Today we’re publishing a new ad in our national campaign about synthetic meats. The ad has run The Wall Street Journal, The Los Angeles Times, and The New York Times and questions whether plant-based meats need a cancer warning label.
You certainly might be if, like many unknowing consumers, you think synthetic meat is healthier because it’s called “plant-based.” After all, plants like fruits and veggies are healthy, no?
Fruits and veggies may be healthy, but fake meats are ultra-processed foods. They don’t grow on vines. Their ingredients are mixed together and heated without precedent. They’re not any better for you than real meat, say nutritionists. And some say there is no assurance about their future impact on health.
And now we have lab tests showing that six fake meat products, when cooked, tested positive for a carcinogen, acrylamide. Acrylamide can be formed when plant-based foods are cooked at high heat–for example, cooking a fake meat burger.
So where does the warning label fit in?
Californians passed a ballot measure in 1986 called Proposition 65, which requires a warning when a company exposes people to chemicals known to the state of California to cause cancer or reproductive harm. And California considers acrylamide a carcinogen and reproductive toxicant.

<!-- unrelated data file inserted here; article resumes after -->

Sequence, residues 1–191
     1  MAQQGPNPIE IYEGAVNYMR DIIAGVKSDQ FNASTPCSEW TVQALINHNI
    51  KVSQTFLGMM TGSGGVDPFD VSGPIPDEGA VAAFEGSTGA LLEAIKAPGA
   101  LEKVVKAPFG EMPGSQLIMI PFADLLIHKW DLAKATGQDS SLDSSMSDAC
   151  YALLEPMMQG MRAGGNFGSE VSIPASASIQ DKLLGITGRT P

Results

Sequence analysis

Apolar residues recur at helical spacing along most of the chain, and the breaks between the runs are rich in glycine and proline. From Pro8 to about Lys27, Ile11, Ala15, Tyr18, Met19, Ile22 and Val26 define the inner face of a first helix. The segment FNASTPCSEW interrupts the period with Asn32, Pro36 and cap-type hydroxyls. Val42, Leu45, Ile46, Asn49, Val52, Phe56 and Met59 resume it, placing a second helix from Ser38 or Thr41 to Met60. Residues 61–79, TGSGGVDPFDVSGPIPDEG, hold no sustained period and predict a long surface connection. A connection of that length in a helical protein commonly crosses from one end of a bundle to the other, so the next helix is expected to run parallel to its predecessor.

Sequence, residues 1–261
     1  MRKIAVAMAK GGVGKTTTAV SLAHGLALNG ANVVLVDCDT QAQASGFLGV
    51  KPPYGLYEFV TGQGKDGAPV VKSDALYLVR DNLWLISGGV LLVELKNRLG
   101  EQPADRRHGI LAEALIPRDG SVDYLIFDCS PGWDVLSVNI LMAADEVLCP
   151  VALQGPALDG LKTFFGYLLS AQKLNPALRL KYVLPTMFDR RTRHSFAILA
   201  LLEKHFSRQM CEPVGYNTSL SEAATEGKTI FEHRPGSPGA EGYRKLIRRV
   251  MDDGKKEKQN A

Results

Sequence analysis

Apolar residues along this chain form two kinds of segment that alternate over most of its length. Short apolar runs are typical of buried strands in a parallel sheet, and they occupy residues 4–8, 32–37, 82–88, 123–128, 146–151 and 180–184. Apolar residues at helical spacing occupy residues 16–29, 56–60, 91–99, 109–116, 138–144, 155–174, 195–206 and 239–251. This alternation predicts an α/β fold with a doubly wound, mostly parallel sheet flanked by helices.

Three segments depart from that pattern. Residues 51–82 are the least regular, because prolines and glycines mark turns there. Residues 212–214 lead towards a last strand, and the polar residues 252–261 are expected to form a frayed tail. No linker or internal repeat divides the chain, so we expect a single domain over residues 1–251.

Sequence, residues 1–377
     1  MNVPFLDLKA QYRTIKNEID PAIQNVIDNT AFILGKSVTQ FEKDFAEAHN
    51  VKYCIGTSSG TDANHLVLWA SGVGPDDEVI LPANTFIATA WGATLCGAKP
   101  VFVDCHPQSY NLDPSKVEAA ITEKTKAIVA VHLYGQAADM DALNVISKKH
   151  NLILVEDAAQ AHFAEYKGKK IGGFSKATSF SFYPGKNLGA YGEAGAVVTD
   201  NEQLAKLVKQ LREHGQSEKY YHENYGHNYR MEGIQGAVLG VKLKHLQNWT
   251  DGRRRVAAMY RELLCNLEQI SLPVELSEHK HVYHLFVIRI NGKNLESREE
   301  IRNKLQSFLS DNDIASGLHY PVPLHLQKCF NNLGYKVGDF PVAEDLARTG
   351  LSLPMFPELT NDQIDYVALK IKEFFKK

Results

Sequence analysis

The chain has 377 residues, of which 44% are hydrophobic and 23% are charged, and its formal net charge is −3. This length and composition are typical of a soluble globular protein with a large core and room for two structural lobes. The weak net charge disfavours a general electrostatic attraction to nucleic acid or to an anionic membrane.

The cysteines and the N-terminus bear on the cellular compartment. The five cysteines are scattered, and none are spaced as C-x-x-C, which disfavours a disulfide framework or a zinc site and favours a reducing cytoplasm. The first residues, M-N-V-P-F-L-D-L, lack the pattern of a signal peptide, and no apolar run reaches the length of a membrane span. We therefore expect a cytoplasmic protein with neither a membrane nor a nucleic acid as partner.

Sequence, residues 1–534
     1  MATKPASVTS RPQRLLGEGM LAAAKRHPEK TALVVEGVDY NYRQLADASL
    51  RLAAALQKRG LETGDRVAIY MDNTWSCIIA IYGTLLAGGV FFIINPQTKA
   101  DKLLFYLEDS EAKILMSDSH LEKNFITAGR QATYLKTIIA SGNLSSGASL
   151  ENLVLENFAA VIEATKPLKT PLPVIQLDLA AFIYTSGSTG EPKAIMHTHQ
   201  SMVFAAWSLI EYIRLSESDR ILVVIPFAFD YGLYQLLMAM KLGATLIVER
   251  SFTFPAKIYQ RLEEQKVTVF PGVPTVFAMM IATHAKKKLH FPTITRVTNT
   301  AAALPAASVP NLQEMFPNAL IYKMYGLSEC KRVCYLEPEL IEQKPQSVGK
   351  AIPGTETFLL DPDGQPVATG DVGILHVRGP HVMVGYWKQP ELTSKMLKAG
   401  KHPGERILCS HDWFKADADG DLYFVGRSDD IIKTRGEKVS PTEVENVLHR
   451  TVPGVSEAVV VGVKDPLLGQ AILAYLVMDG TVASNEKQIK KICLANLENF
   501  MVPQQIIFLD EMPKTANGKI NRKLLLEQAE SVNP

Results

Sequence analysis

Under Prop 65, companies that potentially expose consumers to chemicals have to post a warning notice of the exposure. California often has a “safe harbor” limit for these chemicals, below which companies don’t have to warn. But the lab results from six fake meat products show that just one serving could expose consumers to levels of acrylamide that exceed this limit.
View the lab results here.
Full disclosure: We’ve been critical of Prop 65 in the past. But the law is the law, it’s still on the books in California, and we believe everyone should play by the same rules.